The durable power of attorney document is a staple of any estate plan. This valuable document gives another individual, your "agent," the power to make financial decisions on your behalf. Power of attorney abuse is your agent's misuse of the authority you grant them.
Financial Elder Abuse & The Power of Attorney
Financial elder abuse is the illegal or improper use of an older adult's property, assets, or funds. The problem is larger than many people believe. According to the National Council of Aging, approximately one in ten Americans aged 60+ have experienced some form of elder abuse. Estimates of the annual cost of financial elder abuse range from $2.6 billion to $36.5 billion.
Because the durable power of attorney document grants your agent the power to make financial decisions on your behalf, your agent has access to your financial assets, which usually includes access to bank accounts and the ability to sign checks. Your agent owes you a fiduciary duty, meaning they are legally required to act in your best interest. However, a power of attorney is usually not subject to oversight by a court, so if you can no longer monitor your agent's actions, it would become very easy for your agent to steal from you. This is why many elder fraud experts have another name for a power of attorney: "a license to steal."
As you age, you are more susceptible to financial elder abuse by your agent abusing the power of attorney you gave them. Risk factors include:
- Being in poor physical health.
- Having a cognitive impairment.
- Difficulty performing activities of daily living.
- Being socially isolated.
As you age, having a strong network of people around you is a great way to help curb potential power of attorney abuse and financial theft.
How Can I Protect Myself From Power of Attorney Abuse?
Despite its potential pitfalls, the power of attorney document is still an essential piece of an estate plan. Should you become incapacitated without a power of attorney, your family must petition the court for guardianship. The process is costly, lengthy, and there is no guarantee that the court will appoint the same guardian that you would have chosen for yourself.
When drafting a power of attorney, it is crucial that you remember that you get to designate which powers the agent does and does not have. For example, you may decide that you do not want your power of attorney to make gifts on your behalf. This means that the agent cannot gift your home or your car to themselves or their spouse. You could add a level of safeguard by designating a secondary agent responsible for reviewing and agreeing to all actions made by the primary agent.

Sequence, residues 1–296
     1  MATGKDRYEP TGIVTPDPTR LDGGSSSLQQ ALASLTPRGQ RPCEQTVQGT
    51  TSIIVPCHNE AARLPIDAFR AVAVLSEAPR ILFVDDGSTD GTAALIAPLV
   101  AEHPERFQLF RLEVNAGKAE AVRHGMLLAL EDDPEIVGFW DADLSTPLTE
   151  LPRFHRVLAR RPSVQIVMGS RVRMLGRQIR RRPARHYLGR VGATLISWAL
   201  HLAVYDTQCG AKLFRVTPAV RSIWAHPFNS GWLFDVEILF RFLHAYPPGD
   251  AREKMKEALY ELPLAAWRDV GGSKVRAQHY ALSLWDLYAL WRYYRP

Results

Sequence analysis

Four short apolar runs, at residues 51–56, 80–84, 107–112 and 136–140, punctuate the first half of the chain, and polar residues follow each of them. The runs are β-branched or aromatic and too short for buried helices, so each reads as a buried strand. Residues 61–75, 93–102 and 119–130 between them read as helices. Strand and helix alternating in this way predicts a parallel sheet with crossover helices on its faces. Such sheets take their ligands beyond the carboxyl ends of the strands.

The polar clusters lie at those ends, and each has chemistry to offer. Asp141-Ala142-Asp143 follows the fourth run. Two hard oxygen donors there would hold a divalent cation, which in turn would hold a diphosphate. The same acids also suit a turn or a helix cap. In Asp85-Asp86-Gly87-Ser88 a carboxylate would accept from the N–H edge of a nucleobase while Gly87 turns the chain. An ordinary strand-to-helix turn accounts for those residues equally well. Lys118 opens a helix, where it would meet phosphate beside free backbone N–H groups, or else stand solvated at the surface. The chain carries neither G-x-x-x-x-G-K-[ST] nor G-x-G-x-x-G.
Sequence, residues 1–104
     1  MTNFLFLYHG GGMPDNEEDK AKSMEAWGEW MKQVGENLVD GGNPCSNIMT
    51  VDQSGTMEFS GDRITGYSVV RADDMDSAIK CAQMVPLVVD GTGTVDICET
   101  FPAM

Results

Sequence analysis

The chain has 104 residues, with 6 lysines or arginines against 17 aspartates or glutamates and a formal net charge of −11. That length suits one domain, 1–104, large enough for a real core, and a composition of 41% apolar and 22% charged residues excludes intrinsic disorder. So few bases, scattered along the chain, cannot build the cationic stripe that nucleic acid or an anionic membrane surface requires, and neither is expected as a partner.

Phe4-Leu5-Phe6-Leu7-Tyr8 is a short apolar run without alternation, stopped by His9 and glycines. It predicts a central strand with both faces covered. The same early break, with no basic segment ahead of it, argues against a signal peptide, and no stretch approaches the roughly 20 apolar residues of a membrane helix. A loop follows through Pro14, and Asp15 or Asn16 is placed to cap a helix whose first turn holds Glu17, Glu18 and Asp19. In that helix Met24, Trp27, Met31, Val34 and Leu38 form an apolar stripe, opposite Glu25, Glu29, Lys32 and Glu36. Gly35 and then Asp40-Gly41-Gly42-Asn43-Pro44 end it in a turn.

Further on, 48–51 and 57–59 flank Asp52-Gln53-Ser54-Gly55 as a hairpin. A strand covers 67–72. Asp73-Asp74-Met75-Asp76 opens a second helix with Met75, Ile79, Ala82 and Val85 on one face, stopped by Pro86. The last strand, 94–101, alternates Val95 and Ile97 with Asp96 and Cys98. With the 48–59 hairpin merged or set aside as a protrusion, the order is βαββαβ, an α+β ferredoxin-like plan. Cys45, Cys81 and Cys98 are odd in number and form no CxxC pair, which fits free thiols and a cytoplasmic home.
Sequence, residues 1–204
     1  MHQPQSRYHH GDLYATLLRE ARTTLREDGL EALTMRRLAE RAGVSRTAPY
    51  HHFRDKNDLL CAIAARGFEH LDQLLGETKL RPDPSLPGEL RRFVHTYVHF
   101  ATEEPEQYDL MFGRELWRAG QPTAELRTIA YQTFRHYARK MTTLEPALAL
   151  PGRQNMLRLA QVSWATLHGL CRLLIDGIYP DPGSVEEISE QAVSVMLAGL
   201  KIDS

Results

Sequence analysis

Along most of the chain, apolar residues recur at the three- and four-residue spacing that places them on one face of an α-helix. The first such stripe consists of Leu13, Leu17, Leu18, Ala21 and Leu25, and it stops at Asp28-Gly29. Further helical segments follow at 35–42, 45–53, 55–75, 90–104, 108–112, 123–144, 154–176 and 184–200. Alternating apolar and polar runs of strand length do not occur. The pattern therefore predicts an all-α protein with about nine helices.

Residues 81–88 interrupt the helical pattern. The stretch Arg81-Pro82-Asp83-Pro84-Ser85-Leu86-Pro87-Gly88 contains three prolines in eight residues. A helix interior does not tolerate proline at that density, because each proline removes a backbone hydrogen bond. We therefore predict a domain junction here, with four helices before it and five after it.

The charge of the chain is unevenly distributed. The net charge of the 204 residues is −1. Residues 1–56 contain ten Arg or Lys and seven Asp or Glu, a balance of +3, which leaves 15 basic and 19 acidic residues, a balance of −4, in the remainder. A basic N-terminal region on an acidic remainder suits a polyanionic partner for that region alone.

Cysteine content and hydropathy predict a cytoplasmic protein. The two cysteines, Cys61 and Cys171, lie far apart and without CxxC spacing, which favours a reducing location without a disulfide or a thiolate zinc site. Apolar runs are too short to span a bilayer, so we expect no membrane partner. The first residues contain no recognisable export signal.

However, the best advice for creating a successful power of attorney is to designate an agent you trust completely. Once you have made a designation, make sure to revisit the decision every few years. A change in circumstances may impact someone's suitability for the role of agent. For example, a family member might no longer be suitable for the role if they have fallen into a lot of credit card debt or have encountered other financial hardships.
How Can I Protect My Elderly Loved Ones?
You can protect your loved one by watching for changes in their established financial patterns. You can monitor their bank accounts for suspicious activity, such as large or unexpected withdrawals. You can also watch for potential isolation of your loved one. If someone is trying to isolate your loved one from you, they may be attempting to gain something from your loved one, whether it be money or property.
If you suspect that a loved one's agent is not acting in good faith, you should immediately contact an attorney. It may also be necessary to contact law enforcement, depending on the circumstances.
If you have concerns about a senior that may be the victim of elder abuse, you can find more information on the North Carolina Department of Justice Attorney General's website.
Have Questions & Not Sure What To Do?
If you have additional questions about preventing elder fraud or creating a power of attorney, don't hesitate to contact Carolina Family Estate Planning at 919-899-2606 for a free assessment by phone or schedule a free case assessment online. Our experienced team of elder law attorneys is here to help!